When Cloudability, a company that provides businesses with a way to monitor and assess their cloud-computing use and associated costs, launched its public beta earlier this month, it became the most recent success story to emerge from the Portland Incubator Experiment. But it’s not the first. Urban Airship, a successful provider of push notifications for mobile apps, also emerged from P.I.E., as have a number of other tech startups that have received funding from the incubator.
What distinguishes P.I.E. from other business incubators is that the two-and-a-half-year-old incubator is owned and run by Wieden + Kennedy, the Portland-based ad agency whose clients include Target, Coke and Nike. According to Rick Turoczy, P.I.E.’s co-founder and managing director, the idea was the product of a number of chance encounters. “Renny [Gleeson, Wieden + Kennedy’s director of interactive strategies] and I kept coming across each other at activities taking place around the startup community,” said Turoczy, who was a fixture in the burgeoning Portland tech community and a veteran of several startups himself.
For his part, Gleeson said he was intrigued by the different culture that he observed in the startup community and wondered if it might be possible to graft some of the energy and nimbleness onto Wieden. “The way that a startup would approach building a product, communicating a message, engaging with users, was not the way a typical ad agency would approach it,” said Gleeson. “It’s almost more a manufacturing model versus a software iterative model. The challenge is trying to push change and innovation. How do we expose the startup and tech community to the Wieden + Kennedy community and vice versa?”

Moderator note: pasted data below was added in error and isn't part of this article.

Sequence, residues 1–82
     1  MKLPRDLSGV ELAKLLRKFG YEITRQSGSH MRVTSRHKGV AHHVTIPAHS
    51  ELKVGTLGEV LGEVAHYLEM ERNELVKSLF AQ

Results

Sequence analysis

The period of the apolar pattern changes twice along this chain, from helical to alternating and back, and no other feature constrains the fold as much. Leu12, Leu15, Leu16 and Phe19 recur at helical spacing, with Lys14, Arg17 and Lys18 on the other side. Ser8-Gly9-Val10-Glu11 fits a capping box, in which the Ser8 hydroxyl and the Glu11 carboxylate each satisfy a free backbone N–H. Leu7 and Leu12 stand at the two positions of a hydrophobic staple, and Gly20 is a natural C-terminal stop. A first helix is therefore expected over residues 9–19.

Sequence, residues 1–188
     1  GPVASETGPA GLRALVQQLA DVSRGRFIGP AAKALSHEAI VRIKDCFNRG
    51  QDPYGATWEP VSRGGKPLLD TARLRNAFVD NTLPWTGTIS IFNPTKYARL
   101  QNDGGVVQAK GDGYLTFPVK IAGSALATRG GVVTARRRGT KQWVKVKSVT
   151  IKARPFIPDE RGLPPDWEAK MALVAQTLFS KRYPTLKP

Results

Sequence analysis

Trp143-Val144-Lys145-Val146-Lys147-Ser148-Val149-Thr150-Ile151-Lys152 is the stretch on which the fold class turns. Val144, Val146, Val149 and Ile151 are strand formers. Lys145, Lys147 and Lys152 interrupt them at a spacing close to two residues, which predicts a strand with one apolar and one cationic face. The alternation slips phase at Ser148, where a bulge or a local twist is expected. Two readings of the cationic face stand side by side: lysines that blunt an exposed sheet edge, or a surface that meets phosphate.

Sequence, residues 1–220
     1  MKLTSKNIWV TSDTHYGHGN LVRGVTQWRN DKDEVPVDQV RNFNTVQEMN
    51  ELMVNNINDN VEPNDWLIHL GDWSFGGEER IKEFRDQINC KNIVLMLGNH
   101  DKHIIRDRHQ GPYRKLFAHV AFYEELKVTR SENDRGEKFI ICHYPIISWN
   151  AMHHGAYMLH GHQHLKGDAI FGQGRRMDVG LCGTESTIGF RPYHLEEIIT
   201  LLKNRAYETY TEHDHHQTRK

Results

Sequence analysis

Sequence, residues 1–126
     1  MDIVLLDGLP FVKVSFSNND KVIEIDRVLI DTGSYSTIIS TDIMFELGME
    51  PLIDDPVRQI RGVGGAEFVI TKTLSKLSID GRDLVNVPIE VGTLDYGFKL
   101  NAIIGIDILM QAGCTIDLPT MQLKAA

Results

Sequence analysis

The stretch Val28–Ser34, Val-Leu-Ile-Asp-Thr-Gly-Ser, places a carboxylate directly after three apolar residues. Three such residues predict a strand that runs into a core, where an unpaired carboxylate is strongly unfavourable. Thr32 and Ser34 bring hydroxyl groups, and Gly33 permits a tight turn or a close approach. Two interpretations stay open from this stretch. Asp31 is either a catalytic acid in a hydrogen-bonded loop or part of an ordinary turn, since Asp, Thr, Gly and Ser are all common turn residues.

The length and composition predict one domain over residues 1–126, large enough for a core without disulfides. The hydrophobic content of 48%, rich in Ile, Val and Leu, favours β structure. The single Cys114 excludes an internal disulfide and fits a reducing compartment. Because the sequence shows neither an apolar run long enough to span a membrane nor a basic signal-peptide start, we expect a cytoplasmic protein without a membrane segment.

Wieden dipped its toe into the startup culture before diving in. Gleeson and Turoczy created a co-working space in the agency’s building for several startups. Early tenants included one of Twitter’s engineers, a writer for ReadWriteWeb and technologists. “The tech scene has an intense group of individuals,” said Gleeson. “But very often they’re working individually or remotely for other folks.”
The idea of the co-working space was to see if it was possible to cross-pollinate the tech scene in Portland. Turoczy said that not only did they hope to “see what happened” when interesting people doing interesting things shared a workspace, they also would invite out-of-towners attending conferences to perch in the offices temporarily. “We wanted to expose the Portland community to a broader tech community and establish connections,” said Turoczy.
Gleeson said he began to see a kind of organic accelerating taking place in the co-working space. Urban Airship, one of the Wieden’s early co-working tenants is now a successful push-notification company. BankSimple is another success story from the incubator’s earliest iteration.
“There was something happening here,” said Turoczy. “It was time to codify that, to put together a program that would introduce more rigor, a formalized program that helps more startups experience this more quickly.” P.I.E. was born. The incubator accepted its first class last September.
J.R. Storment, Cloudability’s co-founder, said that when the company was invited to be a part of P.I.E., he thought that the primary benefit would be free office space. Really nice office space. He said, “Wieden + Kennedy is in this 100-year-old building, in a cleaned-up neighborhood in Portland that they’ve converted into some amazing office space. The ground floor is where the incubator is. It’s a really cool place with 20-foot ceilings and big windows.”
But, Storment said, since Cloudability is a business-to-business product and most of the startups in the incubator’s first class are consumer-facing, he wasn’t sure what else Cloudability would get from the experience.
As it turns out, quite a bit, according to Storment. He said that he was surprised by the value that the agency brought to the table. “[Incubators unaffiliated with ad agencies] like TechStars turn out phenomenal companies,” he said. “But they don’t have the connections to big companies and brands like Wieden + Kennedy. “
Storment said that participation in P.I.E. provided Cloudability with three levels of mentorship.